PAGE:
DOS utilities (MS-DOS, FreeDOS, etc.)

If you have a DOS utility such as a BIOS Flash utility or small DOS-based diagnostic .exe file, you can try using the E2B FreeDOS bootable image.
This image contains an NTFS driver and so can directly access files on a FAT32 or NTFS E2B drive.
Just make a new folder on your E2B USB drive (e.g. \MyDOS  - use a name of less than 9 characters) and copy your DOS files into it.
Then boot to E2B and go to the DOS menu and run 'FreeDOS (from a floppy image)'.
When it boots to FreeDOS, type:
cd \MyDOS  
to change to the directory and then type the name of your .exe or .com file to run it.
If your utility runs from a .bat batch file, you may need to edit it (or copy your files to the root of the E2B USB drive).
If your DOS utility reports that there is not enough memory available, you will need to create your own bootable .ima or .img floppy disk image which does not load the large NTFS driver.
You can use WinImage to add or delete files in the .img file.
See RMPrepUSB DOS tutorial here for more details and the RMPrepUSB WinImage tutorial here.
A FreeDOS v1.2 floppy disk image can be downloaded from here.

Floppy Disk Image Files

If you are provided with a bootable floppy disk image file, E2B can directly boot to it.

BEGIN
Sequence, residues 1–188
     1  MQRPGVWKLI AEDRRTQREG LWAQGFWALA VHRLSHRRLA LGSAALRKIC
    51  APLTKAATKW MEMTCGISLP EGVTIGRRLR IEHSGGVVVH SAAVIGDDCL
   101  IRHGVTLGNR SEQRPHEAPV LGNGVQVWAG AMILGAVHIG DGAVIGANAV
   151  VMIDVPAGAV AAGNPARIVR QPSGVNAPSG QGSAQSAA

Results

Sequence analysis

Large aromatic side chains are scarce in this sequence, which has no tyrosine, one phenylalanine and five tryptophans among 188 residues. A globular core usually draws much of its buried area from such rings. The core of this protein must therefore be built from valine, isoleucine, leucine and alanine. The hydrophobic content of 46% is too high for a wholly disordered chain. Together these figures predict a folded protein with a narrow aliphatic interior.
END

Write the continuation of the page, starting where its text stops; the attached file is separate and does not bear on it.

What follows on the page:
If you use the .IMA or .IMG file extension, the file will be loaded into memory and will boot as Drive A:
If you change any files on the A: ram-drive whilst booted to DOS, no changes will be saved.
If you want to be able to permanently change files in the image under DOS, use a .imarw file extension.
If you use a .imanousb file extension, the image will appear as A:, the USB drive as B: (and not as a hard disk).
Use .imafdhdd0 if you only want the internal hard disk as hd0 and the image file as fd0 (writable).
See the file extensions list for other possibilities.
See the RMPrepUSB tutorial for more options here.

DOS limitations

  • DOS 6 can only access <2GB partitions (FAT16).
  • DOS 7.1 or later is required to access FAT32 partitions.
  • DOS\FreeDOS cannot access NTFS partitions unless a special NTFS driver is added.
  • Files with long file names (longer than 8.3) may not be listed correctly unless you load a LFN driver. Use 8.3 conventional short filenames with no spaces.
See here for more info on limitations of versions of DOS.

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